He had good ideas in the shower,
he was sitting upright heroically typing away on his computer –
he improvised the filthiest, bawdiest limericks you can possibly imagine.
A magazine had commissioned me to write thumbnail sketches
 of every war going on in the world —
‘unequivocally the most disgusting article I have ever read,’ he later said.
But provocation was fun
like the unbuttoning of a stripper’s overcoat, promising delights to come.
I made a circumcision joke about snipping his name,
and he remembered the old Fascist slogan – many enemies, much honour
but my heart is far too reptilian for that.
‘Hello, comrade,’ he said, his glass already gratefully extended, ‘This is a real revo.’
He could be a real shit if you fell on the wrong side of his favour.
‘I don’t usually start this early, but holding yourself to a drinking schedule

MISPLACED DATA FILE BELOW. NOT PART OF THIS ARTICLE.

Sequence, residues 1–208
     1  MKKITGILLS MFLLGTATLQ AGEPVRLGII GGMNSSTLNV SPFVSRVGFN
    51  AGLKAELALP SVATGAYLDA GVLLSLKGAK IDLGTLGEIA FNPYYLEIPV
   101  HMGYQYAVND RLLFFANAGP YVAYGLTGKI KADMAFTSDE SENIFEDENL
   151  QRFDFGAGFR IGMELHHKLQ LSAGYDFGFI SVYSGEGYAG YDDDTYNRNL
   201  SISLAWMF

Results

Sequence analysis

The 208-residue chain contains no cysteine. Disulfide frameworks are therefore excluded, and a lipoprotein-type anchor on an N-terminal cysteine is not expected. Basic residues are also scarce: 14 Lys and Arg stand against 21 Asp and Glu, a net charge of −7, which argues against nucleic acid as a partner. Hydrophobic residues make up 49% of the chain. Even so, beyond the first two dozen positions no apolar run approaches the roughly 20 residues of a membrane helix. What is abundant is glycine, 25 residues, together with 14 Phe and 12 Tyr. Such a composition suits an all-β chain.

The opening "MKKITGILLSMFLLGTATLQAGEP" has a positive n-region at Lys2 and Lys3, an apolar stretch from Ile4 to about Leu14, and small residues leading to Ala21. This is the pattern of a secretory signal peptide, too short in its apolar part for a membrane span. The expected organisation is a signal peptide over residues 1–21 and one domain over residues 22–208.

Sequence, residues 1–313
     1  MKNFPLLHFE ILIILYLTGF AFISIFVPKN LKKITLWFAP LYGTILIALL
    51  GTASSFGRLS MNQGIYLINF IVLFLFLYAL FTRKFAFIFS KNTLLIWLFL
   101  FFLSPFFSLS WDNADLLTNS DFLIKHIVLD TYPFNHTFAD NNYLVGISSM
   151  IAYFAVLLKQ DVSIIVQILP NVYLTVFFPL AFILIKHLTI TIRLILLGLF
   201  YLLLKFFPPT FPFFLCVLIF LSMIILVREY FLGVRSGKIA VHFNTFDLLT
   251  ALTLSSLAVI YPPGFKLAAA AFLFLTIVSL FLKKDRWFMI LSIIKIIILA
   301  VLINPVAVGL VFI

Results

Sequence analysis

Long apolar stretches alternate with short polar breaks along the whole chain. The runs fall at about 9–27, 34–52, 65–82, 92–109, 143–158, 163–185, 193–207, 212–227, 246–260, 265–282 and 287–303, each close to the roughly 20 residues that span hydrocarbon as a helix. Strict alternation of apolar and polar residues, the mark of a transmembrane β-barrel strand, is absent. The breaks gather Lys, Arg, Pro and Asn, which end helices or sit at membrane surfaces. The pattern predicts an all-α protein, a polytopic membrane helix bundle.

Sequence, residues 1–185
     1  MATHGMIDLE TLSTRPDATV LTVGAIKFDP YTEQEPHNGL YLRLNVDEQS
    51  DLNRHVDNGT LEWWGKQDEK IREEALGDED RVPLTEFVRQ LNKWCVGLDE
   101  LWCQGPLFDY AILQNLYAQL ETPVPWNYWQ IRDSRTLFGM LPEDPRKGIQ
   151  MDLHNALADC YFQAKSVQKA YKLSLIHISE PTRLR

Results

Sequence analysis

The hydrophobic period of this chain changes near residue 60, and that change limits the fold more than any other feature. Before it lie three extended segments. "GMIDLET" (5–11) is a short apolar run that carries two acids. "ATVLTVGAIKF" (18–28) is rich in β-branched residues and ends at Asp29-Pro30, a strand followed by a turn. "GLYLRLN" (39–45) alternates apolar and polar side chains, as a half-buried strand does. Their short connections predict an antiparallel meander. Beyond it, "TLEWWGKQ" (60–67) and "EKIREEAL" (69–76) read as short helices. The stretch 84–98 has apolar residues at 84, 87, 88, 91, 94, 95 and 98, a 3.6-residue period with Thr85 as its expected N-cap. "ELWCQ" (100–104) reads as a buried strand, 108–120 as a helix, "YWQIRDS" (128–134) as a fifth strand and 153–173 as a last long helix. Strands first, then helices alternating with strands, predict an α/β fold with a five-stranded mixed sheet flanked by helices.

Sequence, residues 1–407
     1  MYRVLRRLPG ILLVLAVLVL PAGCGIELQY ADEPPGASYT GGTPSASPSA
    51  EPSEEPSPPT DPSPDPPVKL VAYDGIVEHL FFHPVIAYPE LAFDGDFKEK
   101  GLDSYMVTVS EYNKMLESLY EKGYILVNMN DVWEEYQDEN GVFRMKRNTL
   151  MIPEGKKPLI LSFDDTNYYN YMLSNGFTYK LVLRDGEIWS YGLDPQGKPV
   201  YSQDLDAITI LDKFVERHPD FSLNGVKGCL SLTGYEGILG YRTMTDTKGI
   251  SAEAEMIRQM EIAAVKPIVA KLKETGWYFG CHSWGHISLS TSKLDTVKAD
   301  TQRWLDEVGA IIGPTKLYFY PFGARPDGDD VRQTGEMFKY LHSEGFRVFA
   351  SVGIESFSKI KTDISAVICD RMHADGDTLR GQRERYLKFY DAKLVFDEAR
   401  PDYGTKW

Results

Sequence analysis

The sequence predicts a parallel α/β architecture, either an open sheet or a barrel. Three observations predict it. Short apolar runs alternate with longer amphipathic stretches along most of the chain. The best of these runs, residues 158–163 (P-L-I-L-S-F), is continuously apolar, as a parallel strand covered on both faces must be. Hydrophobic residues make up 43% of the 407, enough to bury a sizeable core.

is always the first sign of alcoholism.’
I offered him a welcome-to-the-war shot of ‘Listerine’, just to be hospitable,
or for that jumpstart he could administer so well.
‘Fuck off!’ he replied – he later wrote a paean to the expression — and then
‘I see you were feeling eeyorish about Macedonia last week.’
By 1 a.m. I was speechless with drink and he was in spate.
He and I embraced each other on a street corner like parting lovers
dressed in preposterous hot pants and high heeled suede boots:
two cheese sandwiches, a couple of bananas.
‘Brunch? Sunday? Smooch.’
I think of it as Manhattan teatime.

Fiona Wright is a doctoral candidate with the University of Western Sydney Writing and Society Research Centre. Her poetry collection Knuckled (2011) won the Dame Mary Gilmore Award for a first collection in 2011.

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